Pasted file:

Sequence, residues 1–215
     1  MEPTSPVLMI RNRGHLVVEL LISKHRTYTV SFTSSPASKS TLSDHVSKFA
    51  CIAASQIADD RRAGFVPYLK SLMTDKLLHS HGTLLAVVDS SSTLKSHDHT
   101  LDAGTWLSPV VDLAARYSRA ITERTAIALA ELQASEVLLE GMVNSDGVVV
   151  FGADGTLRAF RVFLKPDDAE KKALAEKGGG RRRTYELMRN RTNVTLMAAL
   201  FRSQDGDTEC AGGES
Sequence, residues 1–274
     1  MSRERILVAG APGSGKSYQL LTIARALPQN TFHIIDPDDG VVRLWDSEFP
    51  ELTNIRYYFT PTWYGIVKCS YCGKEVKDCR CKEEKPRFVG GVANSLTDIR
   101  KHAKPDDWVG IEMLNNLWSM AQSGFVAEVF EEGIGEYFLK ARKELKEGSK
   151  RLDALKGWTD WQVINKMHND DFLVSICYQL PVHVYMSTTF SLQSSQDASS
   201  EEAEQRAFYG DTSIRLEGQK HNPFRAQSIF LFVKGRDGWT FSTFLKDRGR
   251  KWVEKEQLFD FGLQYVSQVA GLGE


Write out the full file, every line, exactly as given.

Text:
Sequence, residues 1–215
     1  MEPTSPVLMI RNRGHLVVEL LISKHRTYTV SFTSSPASKS TLSDHVSKFA
    51  CIAASQIADD RRAGFVPYLK SLMTDKLLHS HGTLLAVVDS SSTLKSHDHT
   101  LDAGTWLSPV VDLAARYSRA ITERTAIALA ELQASEVLLE GMVNSDGVVV
   151  FGADGTLRAF RVFLKPDDAE KKALAEKGGG RRRTYELMRN RTNVTLMAAL
   201  FRSQDGDTEC AGGES
Sequence, residues 1–274
     1  MSRERILVAG APGSGKSYQL LTIARALPQN TFHIIDPDDG VVRLWDSEFP
    51  ELTNIRYYFT PTWYGIVKCS YCGKEVKDCR CKEEKPRFVG GVANSLTDIR
   101  KHAKPDDWVG IEMLNNLWSM AQSGFVAEVF EEGIGEYFLK ARKELKEGSK
   151  RLDALKGWTD WQVINKMHND DFLVSICYQL PVHVYMSTTF SLQSSQDASS
   201  EEAEQRAFYG DTSIRLEGQK HNPFRAQSIF LFVKGRDGWT FSTFLKDRGR
   251  KWVEKEQLFD FGLQYVSQVA GLGE